Turkey pointed the finger for a bombing in Istanbul on Tuesday, which targeted security forces and killed 11 people, including six police officers, on the banned Kurdistan Workers' Party (PKK).
"All information and signs point to the separatist terrorist organization," Ibrahim Kalin, a spokesman for President Recep Tayyip Erdogan, said Wednesday in Ankara, referring to the banned group. The attack injured 36 people.
No group has yet claimed responsibility for the attack, which occurred in the early morning hours of Tuesday near a touristic hub.
Meanwhile, on Wednesday, four people, including two police officers, were killed and around 30 injured in another car bombing in a town near the Syrian border in south-east Turkey, state-run news agency Anadolu reported.
Officials have also placed the blame for that attack on the PKK which has been locked in battles with security forces in the area in recent months. There has been no direct claim of responsibility.
The bomb went off in Midyat district of Mardin province. Images showed heavy damage to a building, whose front was blown out, and smoke rising from the location where the explosion took place.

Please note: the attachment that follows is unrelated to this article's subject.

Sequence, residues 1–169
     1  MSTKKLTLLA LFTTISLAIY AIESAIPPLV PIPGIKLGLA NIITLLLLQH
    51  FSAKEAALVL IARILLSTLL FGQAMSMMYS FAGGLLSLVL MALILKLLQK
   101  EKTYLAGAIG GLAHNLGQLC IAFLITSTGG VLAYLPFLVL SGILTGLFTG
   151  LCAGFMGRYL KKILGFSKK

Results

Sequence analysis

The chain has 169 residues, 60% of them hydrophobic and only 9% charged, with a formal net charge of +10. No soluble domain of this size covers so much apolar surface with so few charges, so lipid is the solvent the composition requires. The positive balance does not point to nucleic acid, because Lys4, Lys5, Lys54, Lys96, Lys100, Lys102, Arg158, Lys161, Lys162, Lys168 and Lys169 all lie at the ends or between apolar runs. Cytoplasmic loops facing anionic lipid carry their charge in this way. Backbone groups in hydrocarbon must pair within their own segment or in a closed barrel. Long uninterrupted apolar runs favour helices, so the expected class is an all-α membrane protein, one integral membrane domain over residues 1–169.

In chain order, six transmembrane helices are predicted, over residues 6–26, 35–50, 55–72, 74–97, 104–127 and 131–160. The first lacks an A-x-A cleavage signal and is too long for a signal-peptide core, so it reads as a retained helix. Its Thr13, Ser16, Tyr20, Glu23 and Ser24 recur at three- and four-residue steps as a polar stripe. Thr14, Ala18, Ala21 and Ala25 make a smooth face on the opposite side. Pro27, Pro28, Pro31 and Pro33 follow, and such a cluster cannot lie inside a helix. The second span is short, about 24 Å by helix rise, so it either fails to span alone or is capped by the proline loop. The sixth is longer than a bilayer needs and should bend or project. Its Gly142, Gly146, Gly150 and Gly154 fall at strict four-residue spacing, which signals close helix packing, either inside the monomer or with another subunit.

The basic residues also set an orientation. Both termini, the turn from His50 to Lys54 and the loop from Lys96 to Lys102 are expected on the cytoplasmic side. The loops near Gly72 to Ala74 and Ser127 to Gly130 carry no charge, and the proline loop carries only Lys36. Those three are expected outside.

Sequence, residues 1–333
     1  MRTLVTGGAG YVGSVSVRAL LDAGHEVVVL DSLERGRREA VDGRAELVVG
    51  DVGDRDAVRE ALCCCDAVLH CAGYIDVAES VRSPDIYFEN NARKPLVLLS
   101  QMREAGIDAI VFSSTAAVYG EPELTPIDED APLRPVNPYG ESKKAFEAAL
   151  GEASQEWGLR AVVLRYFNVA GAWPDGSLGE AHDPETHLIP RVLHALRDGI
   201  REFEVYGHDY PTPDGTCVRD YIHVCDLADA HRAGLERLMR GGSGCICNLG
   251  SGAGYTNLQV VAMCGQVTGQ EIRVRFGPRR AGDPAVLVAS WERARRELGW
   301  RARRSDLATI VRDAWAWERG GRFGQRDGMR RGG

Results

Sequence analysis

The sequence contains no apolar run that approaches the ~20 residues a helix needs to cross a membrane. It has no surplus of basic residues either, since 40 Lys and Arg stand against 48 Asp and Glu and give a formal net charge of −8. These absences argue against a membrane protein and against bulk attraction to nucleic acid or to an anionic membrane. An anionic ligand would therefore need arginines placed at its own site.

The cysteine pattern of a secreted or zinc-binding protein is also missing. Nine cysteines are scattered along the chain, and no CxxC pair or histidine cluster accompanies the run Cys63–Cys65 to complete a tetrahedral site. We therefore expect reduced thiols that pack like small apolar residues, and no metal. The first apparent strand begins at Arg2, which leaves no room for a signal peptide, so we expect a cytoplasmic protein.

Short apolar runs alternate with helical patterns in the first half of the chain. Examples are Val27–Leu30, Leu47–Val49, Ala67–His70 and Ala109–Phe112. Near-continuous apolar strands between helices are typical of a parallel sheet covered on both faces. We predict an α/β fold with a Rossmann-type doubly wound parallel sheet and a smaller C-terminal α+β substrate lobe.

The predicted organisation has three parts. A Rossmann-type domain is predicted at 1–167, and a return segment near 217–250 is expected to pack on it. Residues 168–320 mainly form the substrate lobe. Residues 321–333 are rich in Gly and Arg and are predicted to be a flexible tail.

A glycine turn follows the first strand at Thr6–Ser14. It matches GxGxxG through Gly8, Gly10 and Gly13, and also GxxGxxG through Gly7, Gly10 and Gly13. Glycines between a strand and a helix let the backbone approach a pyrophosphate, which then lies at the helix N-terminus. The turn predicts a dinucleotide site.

Mardin has seen a series of curfews imposed on towns and districts since last year, during fighting between state security forces and Kurdish fighters.
Security forces recently announced that operations in Nusaybin, one of the areas of Mardin seeing the most intense conflict, ended over the weekend, after nearly three months.
A ceasefire and peace process collapsed in July, leading to renewed fighting in a war ongoing for more than 30 years and killing more than 40,000 people. Turkey's government has ruled out a return to peace talks with the PKK, which it views as a terrorist group.
The new round of violence, which is largely focused on the mostly Kurdish south-east, has claimed many hundreds of lives, though some estimates say thousands have been killed.
Many Kurds in Turkey's south-east complain of systemic discrimination by the state, with demands for greater rights and autonomy.
Turkey is also using its air force in the conflict, launching strikes against alleged PKK targets inside the country and in northern Iraq.